This post is about some Git commands that I have learnt over time. I’ll add more as I learn more. 🙂
To create a new git repository.
git add <your-file-name>
To add your-file to the repository, better say adding the file to the index. Sometimes also used when merging creates some conflicts.
git add .
It looks at the working tree and adds all those to the staged changes if they are either changed or are new and not ignored. It does not stange any remove actions.
git add -u
It looks at all the currently tracked files and stages the changes to those files if they are different or if they have been removed. It does not add any new files, it only stages changes to already tracked files.
git add -A
To add all the changed files in your current git repo. It does both
git add .
git add -u
git commit -m <‘your-commit-message’>
This commits <your-file> to HEAD, of your local working copy, but not to the remote repository yet.
git rm <file_to_remove>
To remove the file from the index, or from the working tree and index.
git remote add origin <(ssh|https)path-to-your-git-repo>
To connect your repository to the remote server. Now you are ready to push the changes to the selected remote server.
git push origin master
To send the changes in the HEAD of your local working copy to your remore repository.
git clone /path/to/the/repository
To create a copy of a repository on your local machine.
git checkout -b <branch_name>
To create a new branch (other than master) and swtich to it.
git push origin <branch_name>
To push your new branch to the remote server. Unless you push it, it won’t be available to others.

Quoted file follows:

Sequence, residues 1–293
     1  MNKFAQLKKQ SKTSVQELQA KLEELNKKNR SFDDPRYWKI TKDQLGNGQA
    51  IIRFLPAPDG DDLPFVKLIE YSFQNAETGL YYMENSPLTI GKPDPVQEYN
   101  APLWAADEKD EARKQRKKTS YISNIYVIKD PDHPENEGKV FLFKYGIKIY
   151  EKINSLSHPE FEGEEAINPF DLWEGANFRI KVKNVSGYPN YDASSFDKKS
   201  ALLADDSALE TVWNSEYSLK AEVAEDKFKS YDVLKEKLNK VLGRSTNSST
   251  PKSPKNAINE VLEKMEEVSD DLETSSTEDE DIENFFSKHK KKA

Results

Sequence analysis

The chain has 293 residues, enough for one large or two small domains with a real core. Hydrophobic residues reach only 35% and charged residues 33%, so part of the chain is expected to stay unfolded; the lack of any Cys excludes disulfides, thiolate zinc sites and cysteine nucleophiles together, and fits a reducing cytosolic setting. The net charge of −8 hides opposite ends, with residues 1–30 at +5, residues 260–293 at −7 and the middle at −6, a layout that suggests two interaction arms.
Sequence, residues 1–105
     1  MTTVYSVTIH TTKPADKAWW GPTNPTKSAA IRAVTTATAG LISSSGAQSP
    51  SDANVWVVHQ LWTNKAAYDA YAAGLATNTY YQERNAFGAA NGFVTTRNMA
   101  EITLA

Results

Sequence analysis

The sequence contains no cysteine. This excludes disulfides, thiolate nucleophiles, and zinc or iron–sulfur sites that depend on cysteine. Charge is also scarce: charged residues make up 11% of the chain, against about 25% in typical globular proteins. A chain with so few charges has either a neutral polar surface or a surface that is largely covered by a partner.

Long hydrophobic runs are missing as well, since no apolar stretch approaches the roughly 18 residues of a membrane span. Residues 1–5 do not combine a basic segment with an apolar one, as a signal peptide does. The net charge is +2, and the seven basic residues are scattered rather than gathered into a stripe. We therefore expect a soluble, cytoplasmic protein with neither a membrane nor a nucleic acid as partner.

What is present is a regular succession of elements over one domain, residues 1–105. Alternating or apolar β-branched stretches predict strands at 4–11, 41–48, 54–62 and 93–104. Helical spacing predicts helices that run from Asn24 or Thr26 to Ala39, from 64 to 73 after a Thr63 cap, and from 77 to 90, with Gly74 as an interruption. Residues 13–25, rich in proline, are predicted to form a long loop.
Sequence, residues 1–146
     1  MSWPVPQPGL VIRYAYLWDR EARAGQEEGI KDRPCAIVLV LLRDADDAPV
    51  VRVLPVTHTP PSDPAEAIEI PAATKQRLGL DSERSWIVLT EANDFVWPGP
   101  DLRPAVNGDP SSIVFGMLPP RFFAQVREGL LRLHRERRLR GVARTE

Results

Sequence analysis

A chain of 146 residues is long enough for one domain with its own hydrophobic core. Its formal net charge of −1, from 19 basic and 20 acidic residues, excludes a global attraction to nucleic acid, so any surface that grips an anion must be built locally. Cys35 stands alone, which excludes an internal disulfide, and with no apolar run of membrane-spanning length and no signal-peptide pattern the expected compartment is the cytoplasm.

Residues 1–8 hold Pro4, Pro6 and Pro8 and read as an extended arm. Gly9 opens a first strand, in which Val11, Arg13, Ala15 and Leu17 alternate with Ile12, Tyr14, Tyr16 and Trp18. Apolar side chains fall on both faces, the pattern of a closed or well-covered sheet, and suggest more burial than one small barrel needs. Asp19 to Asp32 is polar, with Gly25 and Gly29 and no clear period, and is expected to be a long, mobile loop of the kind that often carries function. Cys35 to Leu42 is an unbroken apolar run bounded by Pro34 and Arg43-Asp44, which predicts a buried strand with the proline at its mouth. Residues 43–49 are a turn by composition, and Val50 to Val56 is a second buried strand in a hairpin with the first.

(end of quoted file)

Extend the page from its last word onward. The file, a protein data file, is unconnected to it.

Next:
git checkout master
To switch back to master.
git branch -d <branch_name>
To delete the branch again.
To update your repository to newest commt. This fetches and merges remote changes.
git merge <branch_name>
To merge <some_other_branch> to your active branch.
To study repository history.
git config color.ui true
To use colorful git output.
To view the status of your files in the working directory and staging area.
git commit –amend -m <“New_Commit_Message”>
To change the messge of your most recent commit, which is not yet pushed.
git format-patch -1 <sha>
Generate a patch for a specific commit.
git reset <file>
To undo git add <file>
git commit -s -v
-s for add Signed-off-by line by the committer at the end of commit log message.
-v to show unified diff between the HEAD commit and what would be committed at the bottom of the commit message template.
To see the changes introduced by the most recent commit, uses HEAD by default.
git show HEAD~~ or git show ~2
To refer to the commit before HEAD.
git rev-parse HEAD
To get the commit id of HEAD.
git log –pretty=oneline –abbrev-commit
As it says, it gives pretty one line commit logs.
git format-patch –cover-letter -n –thread-shallow –cc=”firstname.lastname@example.org” <intialSHA>^..<endingSHA>
This will generate a patch set having a cover letter, from the intialSHA to endingSHA.
–cc option let’s you add the mail id to all patches generated and hence reduce your work to add individually in all.
git rebase -i <SHA>^
It allows you to rebase your commit starting from <SHA>.
git commit –amend -v
This allows you to edit your commit message when rebasing.
git rebase –continue
To continue rebase.
git rebase –abort
To abort the rebase.
git checkout .
To checkout all local changes in a branch.
If some conflicts occur while merging or rebasing.
git checkout –<filename>
To checkout changes in the <file>.
To view a log of where your HEAD and branch references have been for the last few months.
git merge –abort or git reset –merge
To reset a merge.
To have a diff stat of what changed. Shows only unstaged changes.
git diff –cached
To see the changes to be committed, staged changes.
git add -p
Add parts of file to the staging area.
git format-patch –subject-prefix=”Some String”
To put a subject prefix to the patches.
git log –author=<username>
To list all commits by a specific author.
Have a ❤ look.